The Soviet Union is throwing down the gauntlet to the rest of the world in the area of exploration of the solar system. It is moving ahead with plans to send unmanned missions to Mars and other parts of the solar system at a pace that is producing both awe and anxiety among scientists in the West.
While the general outlines of the Soviets' Mars missions have long been known, fresh details have emerged on the scale and timing of their program. It includes plans to send up to eight unmanned spacecraft to the red planet within the next decade. (America needs balanced space program, Page 25.)
The Soviet launches would start in 1992 and culminate before the turn of the century with the return of rocks and soil samples - one of the most coveted prizes in planetary exploration.
One knowledgeable United States space scientist, after hearing details of the Soviet plan, called it not so much a program as an ``assault.''
And Bruce Murray, a planetary scientist at the California Institute of Technology (Caltech), says: ``It would be by far the biggest science mission flown by any nation, ever.''
The Soviet plans were outlined at a meeting here last week on solar system exploration sponsored by the American Institute of Aeronautics and Astronautics and Caltech's Jet Propulsion Laboratory (JPL). It drew top space officials from around the world.
The meeting was considered significant for several reasons. One was what US scientists call the ``unprecedented'' degree of openness by the Soviet delegation, which included the first visit to the United States by Roald Kremnev, who oversees the USSR's unmanned spacecraft activities and is a top official in the country's scientific establishment. American scientists say the Soviets have been more forthcoming about their plans in recent years, but that the practice seems to have accelerated under the glasnost (openness) policy of Soviet leader Mikhail Gorbachev.
Second, and more important, is what the Soviets revealed about their planned assault on Mars.
Plans currently call for sending two spacecraft, probably in 1992, to explore the planet. The mission would include balloons that would drift around the atmosphere during the day and land on the surface in the cool of night.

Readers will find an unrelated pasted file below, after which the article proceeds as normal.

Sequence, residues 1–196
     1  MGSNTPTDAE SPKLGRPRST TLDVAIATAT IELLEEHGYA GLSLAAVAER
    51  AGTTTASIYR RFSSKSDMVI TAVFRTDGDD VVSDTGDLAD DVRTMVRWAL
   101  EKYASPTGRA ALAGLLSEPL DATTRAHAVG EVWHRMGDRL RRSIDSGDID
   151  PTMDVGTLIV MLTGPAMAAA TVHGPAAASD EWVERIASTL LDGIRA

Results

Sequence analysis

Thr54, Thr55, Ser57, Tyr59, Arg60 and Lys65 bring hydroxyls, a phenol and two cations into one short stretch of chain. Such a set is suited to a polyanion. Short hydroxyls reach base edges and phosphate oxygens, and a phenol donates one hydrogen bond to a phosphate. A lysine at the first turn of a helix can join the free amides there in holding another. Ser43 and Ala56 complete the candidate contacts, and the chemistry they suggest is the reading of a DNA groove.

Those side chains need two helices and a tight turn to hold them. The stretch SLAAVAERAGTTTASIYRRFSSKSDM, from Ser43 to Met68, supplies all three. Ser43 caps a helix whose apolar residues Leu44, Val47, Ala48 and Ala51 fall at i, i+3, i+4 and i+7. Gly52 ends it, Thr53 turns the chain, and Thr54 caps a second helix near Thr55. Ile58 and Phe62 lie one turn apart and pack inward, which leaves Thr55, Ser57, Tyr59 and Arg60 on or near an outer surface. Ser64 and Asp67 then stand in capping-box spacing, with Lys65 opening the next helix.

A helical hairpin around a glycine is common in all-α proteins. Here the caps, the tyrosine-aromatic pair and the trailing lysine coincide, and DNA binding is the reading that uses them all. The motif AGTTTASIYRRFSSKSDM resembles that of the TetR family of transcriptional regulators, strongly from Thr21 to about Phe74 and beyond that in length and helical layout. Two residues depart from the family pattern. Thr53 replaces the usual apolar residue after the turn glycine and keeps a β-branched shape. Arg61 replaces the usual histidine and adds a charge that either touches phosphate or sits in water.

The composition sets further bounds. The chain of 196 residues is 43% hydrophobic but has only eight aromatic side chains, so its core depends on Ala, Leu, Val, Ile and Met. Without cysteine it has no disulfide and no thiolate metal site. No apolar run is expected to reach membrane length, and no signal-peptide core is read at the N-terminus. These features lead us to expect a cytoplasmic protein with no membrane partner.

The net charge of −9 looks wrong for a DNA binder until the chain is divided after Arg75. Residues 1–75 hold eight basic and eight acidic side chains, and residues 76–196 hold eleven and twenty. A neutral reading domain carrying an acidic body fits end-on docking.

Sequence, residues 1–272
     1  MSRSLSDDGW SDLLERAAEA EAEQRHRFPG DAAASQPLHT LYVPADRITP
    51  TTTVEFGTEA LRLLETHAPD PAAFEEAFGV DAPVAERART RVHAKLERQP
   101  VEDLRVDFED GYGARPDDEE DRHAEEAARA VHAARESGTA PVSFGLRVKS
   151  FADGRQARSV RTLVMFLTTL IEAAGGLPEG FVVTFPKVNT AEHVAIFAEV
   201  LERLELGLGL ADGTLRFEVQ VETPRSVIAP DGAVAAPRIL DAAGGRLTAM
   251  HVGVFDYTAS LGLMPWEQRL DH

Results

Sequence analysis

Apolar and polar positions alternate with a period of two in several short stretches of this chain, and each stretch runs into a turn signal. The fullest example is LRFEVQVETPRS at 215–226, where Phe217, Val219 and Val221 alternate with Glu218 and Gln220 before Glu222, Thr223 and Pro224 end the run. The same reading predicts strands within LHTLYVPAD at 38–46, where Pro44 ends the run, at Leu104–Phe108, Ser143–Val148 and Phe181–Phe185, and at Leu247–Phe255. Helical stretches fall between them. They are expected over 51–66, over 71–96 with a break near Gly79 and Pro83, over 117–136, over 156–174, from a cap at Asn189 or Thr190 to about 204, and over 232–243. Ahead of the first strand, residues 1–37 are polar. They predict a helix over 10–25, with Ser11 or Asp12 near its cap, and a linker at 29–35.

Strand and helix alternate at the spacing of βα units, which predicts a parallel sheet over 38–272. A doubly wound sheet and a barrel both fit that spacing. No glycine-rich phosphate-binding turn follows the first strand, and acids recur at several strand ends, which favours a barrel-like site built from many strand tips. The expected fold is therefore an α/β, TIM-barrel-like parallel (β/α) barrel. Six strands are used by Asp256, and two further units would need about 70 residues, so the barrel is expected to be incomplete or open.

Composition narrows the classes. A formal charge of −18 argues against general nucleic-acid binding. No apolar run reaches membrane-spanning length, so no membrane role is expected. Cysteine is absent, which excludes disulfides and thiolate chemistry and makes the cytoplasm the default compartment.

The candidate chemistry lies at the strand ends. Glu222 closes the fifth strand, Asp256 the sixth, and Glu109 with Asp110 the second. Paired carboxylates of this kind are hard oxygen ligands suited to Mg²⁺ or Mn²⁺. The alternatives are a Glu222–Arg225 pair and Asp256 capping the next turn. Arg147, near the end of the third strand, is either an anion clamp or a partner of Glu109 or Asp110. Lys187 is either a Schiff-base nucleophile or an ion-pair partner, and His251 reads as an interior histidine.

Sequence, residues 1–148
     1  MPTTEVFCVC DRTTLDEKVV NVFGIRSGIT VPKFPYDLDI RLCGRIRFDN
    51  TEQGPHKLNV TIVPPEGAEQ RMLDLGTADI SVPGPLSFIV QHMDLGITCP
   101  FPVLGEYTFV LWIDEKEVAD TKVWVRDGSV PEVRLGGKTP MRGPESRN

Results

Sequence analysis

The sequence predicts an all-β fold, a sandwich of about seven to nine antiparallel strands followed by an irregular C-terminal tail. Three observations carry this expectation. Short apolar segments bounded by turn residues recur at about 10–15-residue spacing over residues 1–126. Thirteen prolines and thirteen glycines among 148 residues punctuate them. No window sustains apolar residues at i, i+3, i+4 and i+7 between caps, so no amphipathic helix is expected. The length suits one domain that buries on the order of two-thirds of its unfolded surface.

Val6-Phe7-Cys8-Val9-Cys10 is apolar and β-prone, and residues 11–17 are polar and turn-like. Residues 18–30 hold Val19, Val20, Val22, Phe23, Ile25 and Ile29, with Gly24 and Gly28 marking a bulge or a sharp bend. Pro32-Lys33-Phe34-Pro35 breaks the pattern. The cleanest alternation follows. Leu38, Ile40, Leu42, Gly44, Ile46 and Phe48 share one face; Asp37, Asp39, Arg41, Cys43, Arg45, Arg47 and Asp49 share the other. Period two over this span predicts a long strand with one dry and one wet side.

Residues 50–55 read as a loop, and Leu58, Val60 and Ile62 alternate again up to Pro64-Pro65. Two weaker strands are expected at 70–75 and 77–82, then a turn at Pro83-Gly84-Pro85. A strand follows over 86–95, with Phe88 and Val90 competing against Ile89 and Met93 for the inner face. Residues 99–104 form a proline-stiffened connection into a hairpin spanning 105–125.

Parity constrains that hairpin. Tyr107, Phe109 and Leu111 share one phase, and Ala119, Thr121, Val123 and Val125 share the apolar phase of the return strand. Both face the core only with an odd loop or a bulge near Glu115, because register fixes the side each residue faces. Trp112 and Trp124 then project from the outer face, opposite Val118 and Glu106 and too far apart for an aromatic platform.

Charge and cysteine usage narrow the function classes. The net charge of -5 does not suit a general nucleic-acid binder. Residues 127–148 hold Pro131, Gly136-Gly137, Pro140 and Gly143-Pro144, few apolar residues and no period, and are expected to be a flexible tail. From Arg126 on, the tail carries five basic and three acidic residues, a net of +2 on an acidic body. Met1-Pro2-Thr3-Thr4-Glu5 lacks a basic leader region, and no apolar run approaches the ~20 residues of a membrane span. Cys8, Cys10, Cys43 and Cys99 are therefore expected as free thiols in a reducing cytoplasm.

It may also include a small, automated vehicle that would roam the surface.
US scientists say what's new here is the possible 1992 launch date (the Soviets were looking at 1994) and the possible use of a rover.
This mission, however, would just be a precursor to the far more ambitious launches in 1996 or 1998 intended to bring back a sample from Mars. According to Soviet scientists, these might involve two sets of two launches (the Soviets conduct parallel launches to provide backup in case one rocket fails) or four launches at once. The Soviets are also considering putting a large rover on the planet.
These double shots would involve launching more than 60,000 pounds of scientific equipment, instruments, and fuel into space. ``That's more than the US has put into planetary missions in total,'' says Dr. Murray.
The announcement of Soviet plans comes at a time when the US space program has been set back several years because of the Challenger disaster and budgetary restrictions continue to hamper plans to explore the solar system. The National Aeronautics and Space Administration (NASA) has announced, however, that the Magellan Venus Radar Mapper will be launched in 1989 as planned. It had been threatened with a two-year delay.
On the other hand, a modest Mars atmospheric probe that JPL scientists were hoping to launch around 1990 doesn't look like it will make it before its previously planned 1992 liftoff.
At present, US scientists are hoping to launch a sample-return mission to Mars in 1998. That mission, however, is still in the earliest planning stages.
``The upshot of all this is that the Soviets have made a major commitment to a Mars sample return, and we're still trying to develop what we should do,'' says John Casani, head of JPL's Galileo project, which hopes to send a spacecraft toward Jupiter in 1989.
Like the US space program, the Europeans' is struggling to get back on its feet after the failure last year of an Ariane rocket. Buoyed by their successful encounter with Halley's comet last year, however, European scientists are putting a high priority on visiting another comet as part of their budding interplanetary exploration program. The Japanese, meanwhile, are just beginning to outline a modest space-exploration program.
Though separate programs are being fashioned, there is a growing call for cooperation among spacefaring nations. Scientists contend that planetary exploration is too risky and costly, and the expected benefits too large, to pursue individually.
``International cooperation in solar system exploration is essential,'' says Burton Edelson, a former NASA official.